Pol I is known to be essential for ColE1-type plasmid replication (8, 15). Since pMS2 possesses a ColE1 origin (9), a Pol I-defective strain could not be used for the plasmid-based approach described above to directly assess the role of Pol I in bypass of DNA lesions. However, given the strong inhibitory effect of the N6-dA dodecylpeptide cross-link on Pol III*-catalyzed DNA synthesis in vitro (Fig. 2) and the efficient replication of plasmids containing this lesion in the Pol II PolIV PolV strain (Fig. 7), it can be inferred that Pol I likely plays a key role in bypass of such large major groove peptide cross-links.

DISCUSSION

In the current investigation, we demonstrated that Pol I and Pol II could replicate DNAs containing an N6-dA dodecylpeptide cross-link in an error-free manner in vitro, while Pol III* and Pol IV were strongly inhibited by this type of lesion. Although Pol V could fully and accurately extend a primer on a damaged substrate, its efficiency was low. Since Pol I is expressed constitutively, we proposed that Pol I in cells can carry out TLS past an N6-dA dodecylpeptide cross-link and that the DNA damage-inducible polymerases are not required. Consistent with this idea, in vivo studies using wild-type and Pol II Pol IV Pol V E. coli strains revealed that DNA damage-inducible polymerases were dispensable.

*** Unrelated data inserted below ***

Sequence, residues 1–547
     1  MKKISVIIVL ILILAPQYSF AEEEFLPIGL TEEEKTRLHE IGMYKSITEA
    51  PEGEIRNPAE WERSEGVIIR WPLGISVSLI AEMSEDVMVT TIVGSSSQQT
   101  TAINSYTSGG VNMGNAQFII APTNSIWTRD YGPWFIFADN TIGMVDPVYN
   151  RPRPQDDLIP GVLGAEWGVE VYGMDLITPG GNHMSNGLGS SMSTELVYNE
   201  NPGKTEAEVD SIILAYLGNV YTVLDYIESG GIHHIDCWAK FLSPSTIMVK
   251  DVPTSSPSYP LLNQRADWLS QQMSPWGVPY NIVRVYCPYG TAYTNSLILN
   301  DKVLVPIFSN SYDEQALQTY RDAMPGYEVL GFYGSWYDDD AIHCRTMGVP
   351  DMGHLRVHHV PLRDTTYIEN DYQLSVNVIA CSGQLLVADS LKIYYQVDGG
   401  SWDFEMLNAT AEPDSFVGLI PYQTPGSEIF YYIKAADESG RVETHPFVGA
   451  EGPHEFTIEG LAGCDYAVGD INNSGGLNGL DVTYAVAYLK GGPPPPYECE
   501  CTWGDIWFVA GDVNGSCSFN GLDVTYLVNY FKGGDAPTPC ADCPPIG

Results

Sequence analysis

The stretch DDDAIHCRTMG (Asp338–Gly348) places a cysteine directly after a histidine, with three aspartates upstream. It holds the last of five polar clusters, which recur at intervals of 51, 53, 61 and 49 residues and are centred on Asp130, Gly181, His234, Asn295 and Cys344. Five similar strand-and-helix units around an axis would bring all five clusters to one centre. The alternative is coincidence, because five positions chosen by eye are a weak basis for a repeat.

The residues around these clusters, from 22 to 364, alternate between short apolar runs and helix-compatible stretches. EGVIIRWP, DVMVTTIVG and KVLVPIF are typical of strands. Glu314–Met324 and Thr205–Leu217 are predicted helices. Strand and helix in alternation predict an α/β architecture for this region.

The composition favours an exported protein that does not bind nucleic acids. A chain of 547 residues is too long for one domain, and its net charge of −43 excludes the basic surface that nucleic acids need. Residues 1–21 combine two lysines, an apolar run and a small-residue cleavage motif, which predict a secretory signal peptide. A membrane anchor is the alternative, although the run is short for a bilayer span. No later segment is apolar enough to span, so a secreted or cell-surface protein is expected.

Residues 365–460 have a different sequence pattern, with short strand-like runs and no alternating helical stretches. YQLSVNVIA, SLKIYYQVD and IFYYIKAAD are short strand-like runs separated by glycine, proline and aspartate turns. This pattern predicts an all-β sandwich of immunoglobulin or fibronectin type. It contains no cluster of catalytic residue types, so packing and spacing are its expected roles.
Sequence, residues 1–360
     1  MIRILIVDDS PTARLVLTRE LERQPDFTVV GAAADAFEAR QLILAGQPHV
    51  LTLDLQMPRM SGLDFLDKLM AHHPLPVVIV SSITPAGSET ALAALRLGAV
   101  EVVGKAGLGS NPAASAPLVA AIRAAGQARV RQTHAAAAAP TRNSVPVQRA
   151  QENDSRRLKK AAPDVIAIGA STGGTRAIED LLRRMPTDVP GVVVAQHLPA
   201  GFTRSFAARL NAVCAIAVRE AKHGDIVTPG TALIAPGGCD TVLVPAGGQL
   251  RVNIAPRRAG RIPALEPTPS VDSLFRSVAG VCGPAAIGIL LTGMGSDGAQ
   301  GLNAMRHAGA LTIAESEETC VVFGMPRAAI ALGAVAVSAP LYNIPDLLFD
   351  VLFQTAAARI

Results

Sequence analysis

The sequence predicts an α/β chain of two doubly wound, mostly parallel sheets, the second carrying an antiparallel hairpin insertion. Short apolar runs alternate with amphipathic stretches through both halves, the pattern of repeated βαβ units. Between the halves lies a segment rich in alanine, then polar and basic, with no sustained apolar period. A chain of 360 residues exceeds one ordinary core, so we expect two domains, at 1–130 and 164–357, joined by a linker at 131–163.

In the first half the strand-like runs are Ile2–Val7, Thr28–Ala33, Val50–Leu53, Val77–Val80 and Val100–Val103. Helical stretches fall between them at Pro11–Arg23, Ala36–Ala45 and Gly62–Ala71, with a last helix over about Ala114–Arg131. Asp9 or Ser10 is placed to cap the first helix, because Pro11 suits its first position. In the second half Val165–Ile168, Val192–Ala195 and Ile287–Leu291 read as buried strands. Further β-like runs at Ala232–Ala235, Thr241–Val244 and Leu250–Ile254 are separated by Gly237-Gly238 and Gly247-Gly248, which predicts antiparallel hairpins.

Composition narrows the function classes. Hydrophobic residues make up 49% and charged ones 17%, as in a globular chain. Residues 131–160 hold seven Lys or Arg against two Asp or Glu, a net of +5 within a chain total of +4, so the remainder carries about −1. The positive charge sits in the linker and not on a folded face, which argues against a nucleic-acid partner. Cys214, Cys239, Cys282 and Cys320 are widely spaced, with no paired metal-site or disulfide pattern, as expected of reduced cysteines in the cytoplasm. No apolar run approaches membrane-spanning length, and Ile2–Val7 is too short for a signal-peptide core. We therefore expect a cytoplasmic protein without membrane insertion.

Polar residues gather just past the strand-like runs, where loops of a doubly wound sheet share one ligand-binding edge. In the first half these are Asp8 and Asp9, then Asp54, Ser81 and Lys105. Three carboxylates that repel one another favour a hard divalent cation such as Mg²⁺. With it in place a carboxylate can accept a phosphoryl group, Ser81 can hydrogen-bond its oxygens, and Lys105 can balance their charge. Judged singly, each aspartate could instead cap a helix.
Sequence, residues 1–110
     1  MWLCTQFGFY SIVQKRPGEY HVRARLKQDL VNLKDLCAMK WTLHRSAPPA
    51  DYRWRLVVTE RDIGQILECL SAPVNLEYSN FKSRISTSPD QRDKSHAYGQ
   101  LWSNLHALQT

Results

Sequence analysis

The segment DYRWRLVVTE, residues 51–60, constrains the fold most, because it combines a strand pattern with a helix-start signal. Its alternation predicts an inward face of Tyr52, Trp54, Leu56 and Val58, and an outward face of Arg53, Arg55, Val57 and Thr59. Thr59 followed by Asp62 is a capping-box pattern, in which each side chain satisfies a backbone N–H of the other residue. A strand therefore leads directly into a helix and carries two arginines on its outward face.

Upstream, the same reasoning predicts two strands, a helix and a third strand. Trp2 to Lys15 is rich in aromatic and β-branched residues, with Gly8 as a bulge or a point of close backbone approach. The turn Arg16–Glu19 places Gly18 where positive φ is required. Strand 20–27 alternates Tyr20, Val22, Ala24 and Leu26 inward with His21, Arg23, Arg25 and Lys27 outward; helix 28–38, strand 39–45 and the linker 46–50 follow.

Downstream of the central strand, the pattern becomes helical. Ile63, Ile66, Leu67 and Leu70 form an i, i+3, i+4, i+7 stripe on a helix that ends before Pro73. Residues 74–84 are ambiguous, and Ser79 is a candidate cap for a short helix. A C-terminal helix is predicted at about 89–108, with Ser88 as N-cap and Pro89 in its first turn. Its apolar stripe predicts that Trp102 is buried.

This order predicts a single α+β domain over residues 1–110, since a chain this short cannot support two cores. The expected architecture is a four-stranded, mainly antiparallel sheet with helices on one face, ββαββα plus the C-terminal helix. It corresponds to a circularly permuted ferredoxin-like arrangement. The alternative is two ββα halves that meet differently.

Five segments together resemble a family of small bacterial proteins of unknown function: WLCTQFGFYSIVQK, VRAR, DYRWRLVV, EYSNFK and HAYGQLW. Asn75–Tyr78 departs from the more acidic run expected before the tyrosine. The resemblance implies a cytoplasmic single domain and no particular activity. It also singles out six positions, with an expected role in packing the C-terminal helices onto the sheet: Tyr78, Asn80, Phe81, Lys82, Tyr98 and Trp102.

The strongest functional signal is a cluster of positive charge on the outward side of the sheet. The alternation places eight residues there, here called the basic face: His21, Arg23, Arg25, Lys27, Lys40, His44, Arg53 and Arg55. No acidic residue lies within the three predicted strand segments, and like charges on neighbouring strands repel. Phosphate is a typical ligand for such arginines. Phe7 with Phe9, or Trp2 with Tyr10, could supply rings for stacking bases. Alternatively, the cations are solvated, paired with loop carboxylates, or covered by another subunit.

Although these data suggested the essential role of Pol I in replication bypass of the N6-dA dodecylpeptide cross-link, an involvement of alternative DNA polymerases in this process cannot be ruled out completely. In particular, Pol III and possibly other DNA polymerases may manifest higher bypass efficiencies in cells than those observed in vitro due to stimulation of bypass by the β sliding clamp and additional accessory factors. It is also important to recognize that the division of labor between DNA polymerases in replication bypass is expected to be more complex in the context of chromosomal DNA, as opposed to a site-specific single lesion on plasmid DNA. Following chemical exposure, multiple structurally different DNA lesions are likely to be formed that may trigger the SOS response. The contribution of Pol II to TLS past N6-dA polypeptide cross-links could be quite prominent under such conditions, since its intracellular levels are significantly increased (10). Pol IV, the most abundant E. coli DNA polymerase in stressed cells (10), may also be involved in replication bypass of lesions, displacing more efficient but less abundant DNA polymerases from the primer termini. Such a phenomenon was recently observed during double-strand-break repair (11). In addition, the location of the lesions on the chromosome may also influence the choice of polymerase, similar to a site-specific polymerase switch during spontaneous mutagenesis (7).